News & Opinion

Plenty of questions await golf’s new era

More than anything, it looks remarkably like the professional game has entered a new era, a time of its own that doesn’t depend on the blurry past or uncertain future. All of the pieces are in place to focus on a group of players who no longer are cursed with unlimited potential but now are the game’s established stars, even though many are only in their 20s.

What we have to look forward to in 2018 is competition the likes of which we haven’t seen since before most of these players were born. In the 1980s, Jack Nicklaus won three majors and was one of golf’s stars, with Greg Norman, Tom Watson, Raymond Floyd, Nick Faldo and the late Seve Ballesteros.

But Nicklaus was on the back nine of his remarkable career, and none of the aforementioned achieved anything close to the Nicklaus standard. Until Tiger Woods.

Since Woods said, “Hello, world,” in 1996, he has been the topic of conversation – on and off the golf course. Even when he was absent, any Woods-related news commanded most everyone’s attention. He not only moved the needle; he was the needle.

Woods dominated the game like no one has in the modern era. And now that he’s on his third or fourth comeback, depending on who’s counting, it’s not likely that he will be a factor week-to-week, maybe ever.

So, we have an amalgamation of supremely talented young players, many of them friends, who will butt heads with one another for the future, near or foreseeable.

And the list goes something like this, and in no particular order: Jordan Spieth, Justin Thomas, Dustin Johnson, Rory McIlroy, Jason Day, Jon Rahm, Justin Rose, Rickie Fowler and Brooks Koepka.

Hideki Matsuyama is not on this list because he still needs to prove that he can putt well enough down the stretch to win the big tournaments. And there are a handful of others who could play their way onto this list, including Tommy Fleetwood, Tyrrell Hatton and Daniel Berger. And let us not forget that Peter Uihlein will play full-time on the PGA Tour this year after a successful start to his career on the European Tour.

The No. 1 player in the world is 33 and has 16 PGA Tour victories, including the 2016 U.S. Open, but Johnson seemingly is just now sliding the shifter into fourth gear. He’s the best physical specimen in the game. If he can stay off stairs in his sock feet, the Masters could be his for the taking. Or any other major, for that matter.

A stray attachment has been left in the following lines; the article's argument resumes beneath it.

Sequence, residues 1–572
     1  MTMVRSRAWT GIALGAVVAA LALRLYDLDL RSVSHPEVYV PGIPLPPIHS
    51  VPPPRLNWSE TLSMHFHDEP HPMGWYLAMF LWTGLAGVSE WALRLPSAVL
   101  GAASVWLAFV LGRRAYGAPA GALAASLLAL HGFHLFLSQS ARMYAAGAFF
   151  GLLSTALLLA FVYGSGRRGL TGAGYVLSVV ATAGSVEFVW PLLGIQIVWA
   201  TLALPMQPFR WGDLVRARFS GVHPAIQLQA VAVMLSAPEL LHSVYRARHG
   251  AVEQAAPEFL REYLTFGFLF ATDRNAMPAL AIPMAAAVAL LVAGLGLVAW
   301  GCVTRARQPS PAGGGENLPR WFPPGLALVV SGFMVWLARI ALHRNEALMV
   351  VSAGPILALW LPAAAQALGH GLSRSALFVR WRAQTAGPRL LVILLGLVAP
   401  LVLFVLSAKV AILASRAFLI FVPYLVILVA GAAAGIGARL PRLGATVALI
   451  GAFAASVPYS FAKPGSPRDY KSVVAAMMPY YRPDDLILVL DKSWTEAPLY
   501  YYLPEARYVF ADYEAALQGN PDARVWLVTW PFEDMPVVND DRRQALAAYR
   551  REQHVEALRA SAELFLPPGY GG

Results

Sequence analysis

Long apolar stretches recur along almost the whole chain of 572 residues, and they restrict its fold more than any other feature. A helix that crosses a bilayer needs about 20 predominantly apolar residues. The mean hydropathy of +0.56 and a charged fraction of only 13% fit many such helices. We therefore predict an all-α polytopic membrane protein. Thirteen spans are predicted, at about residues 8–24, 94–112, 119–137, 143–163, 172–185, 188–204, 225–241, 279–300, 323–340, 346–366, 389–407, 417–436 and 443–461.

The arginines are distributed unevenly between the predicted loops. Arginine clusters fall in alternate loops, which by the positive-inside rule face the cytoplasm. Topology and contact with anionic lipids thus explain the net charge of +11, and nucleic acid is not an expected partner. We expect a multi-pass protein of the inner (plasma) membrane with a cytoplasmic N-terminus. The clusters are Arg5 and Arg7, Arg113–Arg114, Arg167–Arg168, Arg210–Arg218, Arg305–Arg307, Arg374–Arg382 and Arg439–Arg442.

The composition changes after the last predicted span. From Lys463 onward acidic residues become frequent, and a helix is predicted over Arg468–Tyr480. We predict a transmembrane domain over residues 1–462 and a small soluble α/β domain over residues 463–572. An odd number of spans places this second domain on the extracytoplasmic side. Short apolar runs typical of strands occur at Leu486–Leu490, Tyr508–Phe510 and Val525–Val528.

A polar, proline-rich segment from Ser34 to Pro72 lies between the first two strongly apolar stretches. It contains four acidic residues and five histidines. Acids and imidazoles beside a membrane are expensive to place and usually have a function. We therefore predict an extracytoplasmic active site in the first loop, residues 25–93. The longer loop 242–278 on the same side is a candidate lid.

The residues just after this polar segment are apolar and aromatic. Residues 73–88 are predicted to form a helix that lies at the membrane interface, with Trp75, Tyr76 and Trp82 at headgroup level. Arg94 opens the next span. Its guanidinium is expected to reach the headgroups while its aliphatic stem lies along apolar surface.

Thomas no longer can fly under the radar that has been locked on Spieth for the past three years. Both players are 25, but Spieth got a running start to his career, leaving Thomas in his wake. With Thomas winning seven events, including a major, since November 2015, Spieth and Thomas are being mentioned in the same breath.

The most intriguing player on the list is Rahm. In his first full season on the PGA Tour, the 23-year-old Spaniard had one victory, the Farmers Insurance Open, two runners-up and six other top-five finishes. He also won twice on the European Tour. It was enough to vault him to No. 4 in the world. He has plenty of fire, but does that hinder him when trying to finish tournaments?

Expect to see him flourish at the 2018 Ryder Cup in Paris. Is a Rahm-Sergio Garcia partnership in our future? Can’t you just see the Spaniards taking on Spieth and Patrick Reed? Ponder the possibilities.

Now that the USGA is back to a proper U.S. Open venue, a return to Shinnecock Hills, the Long Island course could be where McIlroy and Day shake off the rust and indifference of the past year to get back into the conversation of the world’s biggest tournaments.

Will this be the year when Fowler keeps the double-bogey bug at bay and wins his first major? David Duval on Golf Channel keeps gushing about Fowler’s putting stroke, but it doesn’t do any good when Fowler keeps putting up big numbers at the most inopportune times.

Does Woods have an ’86 Masters in his bag? Yes, yes, we’re getting over our skis here, but you have to ask. Don’t you?

And the biggest question of all: Now that Spieth is an engaged man, does that mean the bust-up of the annual boys’ spring break trip? Inquiring minds and Instagram want to know.

Mike Purkey has written about golf for more than 30 years for a number of publications, including Golf Magazine and Global Golf Post. He lives in Charlotte, N.C. Email: golfedit@gmail.com; Twitter: @mikepurkeygolf